Grateful to BOND for their support she decided to move on and joined Shawmut where she was hired as Assistant Superintendent and over her 6 year tenure became Project Superintendent. It was a difficult time in the industry due to the recession but she says Shawmut did a terrific job in retaining top employees but most especially women. She said it was here that she recognized the value of aligning herself with other women. Up until then, with few women in the field, there was an uncertainty of competition or support between female colleagues and things could actually get a bit territorial. For every 1,000 men working in the industry there may have been 10 women so it was easy to be intimidated and become discouraged.
She says it was a hard and humbling lesson for her to learn to keep her emotions in check and develop an inner toughness with-out it becoming a perpetual chip on her shoulder. Back then, she said she wished there was someone who she could trust to have conversations with-but also admits that those hard lessons made her who she is today. She now openly encourages and mentors her female counter parts at every opportunity and hopes other women in the industry will pass it along.
She has an impressive list of projects throughout her career but shares she is most proud of the Terminal A Project at Logan Airport, and the Neiman Marcus at Natick Collection – both defining and formidable projects in her career. Ashley says it’s an amazing feeling to revisit these locations and be able to say “wow, I did that, I was a part of a team that built that”!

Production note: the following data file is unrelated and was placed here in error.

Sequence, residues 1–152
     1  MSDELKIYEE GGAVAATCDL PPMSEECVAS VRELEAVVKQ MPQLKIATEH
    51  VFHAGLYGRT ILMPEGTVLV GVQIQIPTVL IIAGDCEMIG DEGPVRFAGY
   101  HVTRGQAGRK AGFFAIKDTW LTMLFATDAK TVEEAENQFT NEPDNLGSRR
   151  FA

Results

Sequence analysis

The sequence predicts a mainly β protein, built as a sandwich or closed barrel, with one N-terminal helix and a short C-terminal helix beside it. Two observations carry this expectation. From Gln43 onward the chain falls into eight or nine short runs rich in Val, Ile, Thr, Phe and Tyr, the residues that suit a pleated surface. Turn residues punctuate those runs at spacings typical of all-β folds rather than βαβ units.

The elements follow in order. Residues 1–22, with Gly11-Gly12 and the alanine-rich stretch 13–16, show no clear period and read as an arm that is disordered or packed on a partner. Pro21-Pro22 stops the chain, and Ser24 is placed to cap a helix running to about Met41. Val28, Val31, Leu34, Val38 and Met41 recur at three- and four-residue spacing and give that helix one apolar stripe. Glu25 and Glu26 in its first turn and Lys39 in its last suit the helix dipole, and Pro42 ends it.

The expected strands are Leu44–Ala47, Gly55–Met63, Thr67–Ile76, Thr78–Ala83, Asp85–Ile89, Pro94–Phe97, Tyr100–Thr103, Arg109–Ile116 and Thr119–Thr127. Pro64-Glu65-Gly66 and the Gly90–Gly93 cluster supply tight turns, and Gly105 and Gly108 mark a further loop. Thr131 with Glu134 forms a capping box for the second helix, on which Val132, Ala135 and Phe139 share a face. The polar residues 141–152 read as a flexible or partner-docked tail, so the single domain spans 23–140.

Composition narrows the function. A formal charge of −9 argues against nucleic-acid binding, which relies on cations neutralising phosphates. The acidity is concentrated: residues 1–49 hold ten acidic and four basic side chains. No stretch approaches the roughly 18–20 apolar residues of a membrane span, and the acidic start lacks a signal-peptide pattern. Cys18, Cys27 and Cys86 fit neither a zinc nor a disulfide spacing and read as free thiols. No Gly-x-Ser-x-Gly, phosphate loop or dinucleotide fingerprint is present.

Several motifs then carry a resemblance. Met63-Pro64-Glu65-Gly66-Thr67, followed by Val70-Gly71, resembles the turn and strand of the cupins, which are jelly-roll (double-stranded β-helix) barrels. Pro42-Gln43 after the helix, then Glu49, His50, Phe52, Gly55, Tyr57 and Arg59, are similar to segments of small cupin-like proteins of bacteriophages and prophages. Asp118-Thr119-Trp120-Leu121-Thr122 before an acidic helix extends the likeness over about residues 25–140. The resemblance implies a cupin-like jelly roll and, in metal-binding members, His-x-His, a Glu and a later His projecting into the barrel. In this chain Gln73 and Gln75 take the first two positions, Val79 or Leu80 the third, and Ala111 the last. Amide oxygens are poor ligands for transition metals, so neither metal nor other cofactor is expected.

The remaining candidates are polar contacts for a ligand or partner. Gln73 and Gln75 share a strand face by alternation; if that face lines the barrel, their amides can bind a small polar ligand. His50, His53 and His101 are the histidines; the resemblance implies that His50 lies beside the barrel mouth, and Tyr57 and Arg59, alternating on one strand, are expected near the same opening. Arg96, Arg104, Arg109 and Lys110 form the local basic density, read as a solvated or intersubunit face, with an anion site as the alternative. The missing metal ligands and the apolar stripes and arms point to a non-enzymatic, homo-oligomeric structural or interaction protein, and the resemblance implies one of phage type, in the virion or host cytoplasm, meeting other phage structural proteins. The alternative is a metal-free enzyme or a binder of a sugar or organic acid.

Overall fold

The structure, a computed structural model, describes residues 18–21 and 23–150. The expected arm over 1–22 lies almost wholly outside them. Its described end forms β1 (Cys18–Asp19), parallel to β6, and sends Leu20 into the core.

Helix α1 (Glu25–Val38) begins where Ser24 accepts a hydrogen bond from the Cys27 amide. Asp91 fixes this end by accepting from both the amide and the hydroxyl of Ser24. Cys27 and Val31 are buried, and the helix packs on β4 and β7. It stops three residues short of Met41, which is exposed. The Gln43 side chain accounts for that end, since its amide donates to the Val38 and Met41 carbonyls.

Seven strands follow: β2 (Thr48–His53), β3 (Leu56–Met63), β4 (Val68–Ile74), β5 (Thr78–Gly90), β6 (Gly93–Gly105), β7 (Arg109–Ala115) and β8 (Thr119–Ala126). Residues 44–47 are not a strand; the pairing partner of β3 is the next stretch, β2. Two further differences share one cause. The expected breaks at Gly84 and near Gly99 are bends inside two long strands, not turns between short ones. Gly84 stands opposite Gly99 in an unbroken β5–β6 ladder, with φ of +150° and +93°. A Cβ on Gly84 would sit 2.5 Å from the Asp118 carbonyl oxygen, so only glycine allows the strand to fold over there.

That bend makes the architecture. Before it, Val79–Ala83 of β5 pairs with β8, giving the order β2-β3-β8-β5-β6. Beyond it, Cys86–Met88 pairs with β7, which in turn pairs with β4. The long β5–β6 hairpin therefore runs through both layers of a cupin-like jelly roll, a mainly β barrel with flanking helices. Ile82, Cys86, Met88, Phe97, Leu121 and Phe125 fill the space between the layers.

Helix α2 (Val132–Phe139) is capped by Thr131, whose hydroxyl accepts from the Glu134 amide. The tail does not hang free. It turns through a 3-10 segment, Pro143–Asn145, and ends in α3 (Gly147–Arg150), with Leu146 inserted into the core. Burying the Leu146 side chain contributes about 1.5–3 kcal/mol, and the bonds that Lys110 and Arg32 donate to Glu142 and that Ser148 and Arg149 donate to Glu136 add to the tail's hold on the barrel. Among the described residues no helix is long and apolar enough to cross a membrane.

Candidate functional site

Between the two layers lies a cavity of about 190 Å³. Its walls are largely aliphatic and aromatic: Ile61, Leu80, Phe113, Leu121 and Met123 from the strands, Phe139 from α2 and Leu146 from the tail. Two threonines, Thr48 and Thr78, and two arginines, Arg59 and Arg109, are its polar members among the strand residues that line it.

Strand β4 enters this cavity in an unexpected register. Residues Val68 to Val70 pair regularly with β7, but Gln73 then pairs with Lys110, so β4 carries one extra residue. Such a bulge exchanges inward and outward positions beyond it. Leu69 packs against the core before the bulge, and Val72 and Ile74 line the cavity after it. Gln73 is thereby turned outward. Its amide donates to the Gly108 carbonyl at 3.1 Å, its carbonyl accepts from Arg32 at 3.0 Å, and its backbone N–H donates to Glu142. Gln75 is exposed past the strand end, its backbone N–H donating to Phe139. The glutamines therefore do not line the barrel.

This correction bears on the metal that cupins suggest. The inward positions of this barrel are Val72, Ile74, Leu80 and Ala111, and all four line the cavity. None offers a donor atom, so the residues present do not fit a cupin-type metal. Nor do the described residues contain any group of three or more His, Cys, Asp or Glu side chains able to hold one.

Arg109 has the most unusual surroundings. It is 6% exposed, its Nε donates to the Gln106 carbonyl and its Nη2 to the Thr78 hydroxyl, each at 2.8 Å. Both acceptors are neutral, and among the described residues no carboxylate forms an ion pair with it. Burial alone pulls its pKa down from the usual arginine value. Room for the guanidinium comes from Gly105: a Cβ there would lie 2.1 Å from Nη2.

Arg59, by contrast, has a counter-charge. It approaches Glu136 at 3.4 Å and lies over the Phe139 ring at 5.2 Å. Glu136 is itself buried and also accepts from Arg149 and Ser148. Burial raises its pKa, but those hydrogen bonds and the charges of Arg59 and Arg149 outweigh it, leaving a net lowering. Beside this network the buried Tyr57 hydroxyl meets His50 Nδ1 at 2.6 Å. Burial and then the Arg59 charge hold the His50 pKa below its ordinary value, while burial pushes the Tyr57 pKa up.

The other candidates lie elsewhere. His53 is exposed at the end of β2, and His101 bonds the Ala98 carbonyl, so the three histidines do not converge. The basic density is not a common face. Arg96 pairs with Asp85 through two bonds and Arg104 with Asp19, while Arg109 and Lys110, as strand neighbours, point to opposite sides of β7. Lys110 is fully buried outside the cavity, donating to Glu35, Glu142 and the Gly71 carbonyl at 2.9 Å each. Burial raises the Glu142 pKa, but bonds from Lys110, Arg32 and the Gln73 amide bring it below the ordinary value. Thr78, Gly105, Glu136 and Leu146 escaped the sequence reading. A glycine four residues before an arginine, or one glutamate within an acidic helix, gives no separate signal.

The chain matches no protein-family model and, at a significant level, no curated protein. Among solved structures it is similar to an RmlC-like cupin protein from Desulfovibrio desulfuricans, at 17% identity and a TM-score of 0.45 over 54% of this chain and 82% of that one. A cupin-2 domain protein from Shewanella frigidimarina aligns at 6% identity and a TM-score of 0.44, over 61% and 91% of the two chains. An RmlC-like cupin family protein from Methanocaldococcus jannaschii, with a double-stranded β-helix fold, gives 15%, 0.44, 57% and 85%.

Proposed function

With more than 10 years of experience and skills under her belt, she made the decision to move back into project management with Sea-Dar Construction. Her field experience has given her the in-depth knowledge in the commercial construction process and she recommends everyone should spend some time in the field.
As PM for almost 3 years now, she manages materials, subs, scheduling, superintendent, client and architect needs, costs and generally solving day to day problems. It’s a lot of juggling but she thoroughly enjoys the fast pace and various challenges each day brings. The Sea-Dar environment is highly interactive and social with a focus on wellness and work-life balance. All Sea- Dar employees are business development representatives and build business through relationships. Currently celebrating their 25th year anniversary, Sea-Dar hopes to be soon considered as one of the best places to work in the Boston area.
As for Ashley’s future she says she can see herself going beyond the PM role and working to help Sea-Dar grow. Networking plays an important role in that growth and Ashley has been a valuable member to outside organizations that include the AGC CLC, Code and BWiC Committees.
Not all career paths are straight forward but as Ashley has demonstrated there is a learning opportunity at every turn that eventually leads you to personal success.
Thank you Ashley for sharing your experiences and supporting our mission of Building Women in Construction!